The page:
Facebook Launches Booking on Pages with Third Party Providers

This morning Facebook announced, among other things, the addition of new “call to action” buttons to Pages for local businesses. These buttons make it possible to book appointments or order food directly from Facebook Pages. It’s a big deal — although these things always remain to be seen in practice — and helps make Facebook a great deal more “useful” for both business owners and consumers.

This should be seen in the larger push by Facebook into (local) commerce and CRM for busiensses and local discovery for consumers — with Marketplace and Events (the new app) and ads and analytics that connect online and offline. Facebook is slowly evolving into an all-encompassing platform for consumer and business interactions.

Accordingly, Facebook believes it’s the only solution that local businesses need to reach and engage mobile consumers:

We built Pages to be the mobile solution for your business—a place where people can discover, interact and communicate with your business anytime, anywhere and on any device. We’ll keep adding new features designed to help you grow your business and succeed in a mobile- first world.

The missing piece is a viable local search capability — although the company pointed out to me that you can do category searches today on Facebook. While it works for some categories, overall it’s quite weak.

Facebook local search

The booking/ordering/request a quote functionality is provided by an ecosystem of partners that Facebook intends to continue to develop and grow:

  • Booking/ordering: Booker, BookingBug, Front Desk, HomeAdvisor, MyTime, Pingup, Schedulicity, Setster and
  • Event tickets: EventBrite and Ticketmaster
  • Movie tickets: Fandango
  • Request a quote: Porch, TalkLocal

Local business owners need to have a relationship with one of these providers to enable the functionality on their Pages. Accordingly, in many cases, it will drive sign-ups (e.g., for Porch and MyTime).

Will this capability on Facebook transform these booking companies into commodity services? Will it now put pressure on marketing services providers and agencies to enable booking on Pages for SMBs? My tendency would be to say to both. However, it’s unclear at this point.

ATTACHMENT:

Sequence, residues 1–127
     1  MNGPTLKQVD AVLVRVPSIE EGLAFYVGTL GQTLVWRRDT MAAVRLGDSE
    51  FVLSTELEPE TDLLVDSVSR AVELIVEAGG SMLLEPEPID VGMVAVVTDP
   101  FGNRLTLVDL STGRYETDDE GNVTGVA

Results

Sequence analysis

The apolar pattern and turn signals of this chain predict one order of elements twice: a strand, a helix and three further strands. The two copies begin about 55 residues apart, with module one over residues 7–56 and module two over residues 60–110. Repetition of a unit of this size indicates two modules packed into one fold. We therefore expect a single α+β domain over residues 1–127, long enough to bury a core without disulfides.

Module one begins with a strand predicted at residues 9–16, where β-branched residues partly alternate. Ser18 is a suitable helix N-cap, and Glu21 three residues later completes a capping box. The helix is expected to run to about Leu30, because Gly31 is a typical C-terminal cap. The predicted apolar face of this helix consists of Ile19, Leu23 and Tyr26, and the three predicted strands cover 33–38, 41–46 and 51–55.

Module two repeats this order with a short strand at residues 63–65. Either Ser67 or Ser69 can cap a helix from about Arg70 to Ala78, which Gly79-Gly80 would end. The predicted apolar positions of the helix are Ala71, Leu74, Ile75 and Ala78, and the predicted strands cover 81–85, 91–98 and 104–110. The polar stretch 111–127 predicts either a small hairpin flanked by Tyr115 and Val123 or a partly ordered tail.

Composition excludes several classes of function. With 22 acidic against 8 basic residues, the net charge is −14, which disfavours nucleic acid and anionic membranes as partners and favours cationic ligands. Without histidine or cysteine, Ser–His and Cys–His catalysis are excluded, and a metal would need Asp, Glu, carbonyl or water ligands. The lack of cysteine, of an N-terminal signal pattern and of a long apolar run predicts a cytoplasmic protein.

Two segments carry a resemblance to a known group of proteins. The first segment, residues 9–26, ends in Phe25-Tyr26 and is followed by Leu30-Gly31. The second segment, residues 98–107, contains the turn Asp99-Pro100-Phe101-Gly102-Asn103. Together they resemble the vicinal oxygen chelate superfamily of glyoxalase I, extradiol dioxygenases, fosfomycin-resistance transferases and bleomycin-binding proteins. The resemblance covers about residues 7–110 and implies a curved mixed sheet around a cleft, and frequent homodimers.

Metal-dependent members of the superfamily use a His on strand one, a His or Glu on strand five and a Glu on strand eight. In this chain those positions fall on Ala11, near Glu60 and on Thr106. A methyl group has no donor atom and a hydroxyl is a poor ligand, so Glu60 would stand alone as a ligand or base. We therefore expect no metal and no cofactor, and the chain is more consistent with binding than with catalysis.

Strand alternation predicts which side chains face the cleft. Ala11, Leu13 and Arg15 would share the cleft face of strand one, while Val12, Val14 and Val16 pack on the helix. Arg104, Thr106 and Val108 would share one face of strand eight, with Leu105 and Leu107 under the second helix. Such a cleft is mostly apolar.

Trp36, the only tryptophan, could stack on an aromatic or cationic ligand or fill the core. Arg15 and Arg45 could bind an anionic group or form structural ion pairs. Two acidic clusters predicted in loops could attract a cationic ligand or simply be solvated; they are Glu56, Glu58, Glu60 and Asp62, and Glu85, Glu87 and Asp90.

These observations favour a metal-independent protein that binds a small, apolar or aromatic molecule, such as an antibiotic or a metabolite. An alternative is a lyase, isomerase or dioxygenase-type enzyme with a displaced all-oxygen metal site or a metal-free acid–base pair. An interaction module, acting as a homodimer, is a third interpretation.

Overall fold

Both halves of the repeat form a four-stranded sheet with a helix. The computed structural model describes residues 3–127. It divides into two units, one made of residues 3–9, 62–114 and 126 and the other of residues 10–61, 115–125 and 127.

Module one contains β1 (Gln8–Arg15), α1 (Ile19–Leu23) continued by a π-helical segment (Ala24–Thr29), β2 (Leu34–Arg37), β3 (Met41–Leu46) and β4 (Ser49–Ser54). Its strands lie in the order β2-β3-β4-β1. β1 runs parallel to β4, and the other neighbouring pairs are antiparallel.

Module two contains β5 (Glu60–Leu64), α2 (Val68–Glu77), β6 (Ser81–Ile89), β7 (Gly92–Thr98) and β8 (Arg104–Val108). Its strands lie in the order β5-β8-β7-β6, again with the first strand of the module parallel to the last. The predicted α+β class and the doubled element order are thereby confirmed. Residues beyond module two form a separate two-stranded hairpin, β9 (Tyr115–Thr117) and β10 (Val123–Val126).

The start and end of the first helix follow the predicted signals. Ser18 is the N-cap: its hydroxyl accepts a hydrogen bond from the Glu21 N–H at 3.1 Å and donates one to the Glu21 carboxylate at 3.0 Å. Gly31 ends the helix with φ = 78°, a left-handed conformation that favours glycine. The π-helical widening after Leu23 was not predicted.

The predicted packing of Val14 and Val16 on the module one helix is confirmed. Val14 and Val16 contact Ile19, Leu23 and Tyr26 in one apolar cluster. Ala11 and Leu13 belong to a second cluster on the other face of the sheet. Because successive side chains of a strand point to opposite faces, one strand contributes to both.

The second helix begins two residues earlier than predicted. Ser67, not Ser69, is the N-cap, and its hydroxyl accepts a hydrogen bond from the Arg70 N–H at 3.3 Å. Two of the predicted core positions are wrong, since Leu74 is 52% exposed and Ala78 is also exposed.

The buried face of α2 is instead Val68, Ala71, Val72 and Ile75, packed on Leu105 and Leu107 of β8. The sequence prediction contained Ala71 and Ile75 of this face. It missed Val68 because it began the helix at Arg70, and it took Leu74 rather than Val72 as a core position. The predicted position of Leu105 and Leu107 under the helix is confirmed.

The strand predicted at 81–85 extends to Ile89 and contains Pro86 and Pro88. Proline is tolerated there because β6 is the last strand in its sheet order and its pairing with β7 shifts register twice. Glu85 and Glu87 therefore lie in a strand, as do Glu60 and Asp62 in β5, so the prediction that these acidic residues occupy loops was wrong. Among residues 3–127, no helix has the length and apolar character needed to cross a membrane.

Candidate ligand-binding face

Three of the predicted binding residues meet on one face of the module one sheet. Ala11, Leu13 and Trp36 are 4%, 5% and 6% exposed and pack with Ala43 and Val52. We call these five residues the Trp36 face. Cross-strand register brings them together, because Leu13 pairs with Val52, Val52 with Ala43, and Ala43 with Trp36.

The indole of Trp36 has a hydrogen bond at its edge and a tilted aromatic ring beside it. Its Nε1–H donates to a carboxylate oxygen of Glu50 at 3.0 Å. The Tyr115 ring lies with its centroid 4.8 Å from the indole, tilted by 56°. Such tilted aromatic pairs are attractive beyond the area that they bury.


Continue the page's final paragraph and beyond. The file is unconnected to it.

What is clear is that Facebook has just consolidated online booking on its site/app and changed the space in a way that nobody (not even Google) has been able to do. Others offering comparable capabilities, including the providers above, will need to respond with a better, deeper, richer user experience to avoid being marginalized.

Also today, Facebook is offering a new and improved Events experience in its app — though its Events app is better. And it’s offering enhanced social discovery:

When you write a Facebook post looking for advice on local places or services, you’ll have the option to turn on Recommendations for that post. If you turn on the feature, your friends can comment on your post with suggestions, and you’ll see all of them mapped out and saved in one place. You can also go to your Recommendations bookmark on Facebook to ask a new question or help your friends.

Users can include business Pages in their comments/recommendations, which becomes another discovery mechanism. However recommended businesses can only be accessed through individual networks; there’s no public discovery at this point.

This is where a more robust local search capability comes into play for Facebook. All these features are weaker without one. And if Facebook were to build — either as a “Places” app or within Facebook itself — a better search capability it would really be able to break things wide open in local.

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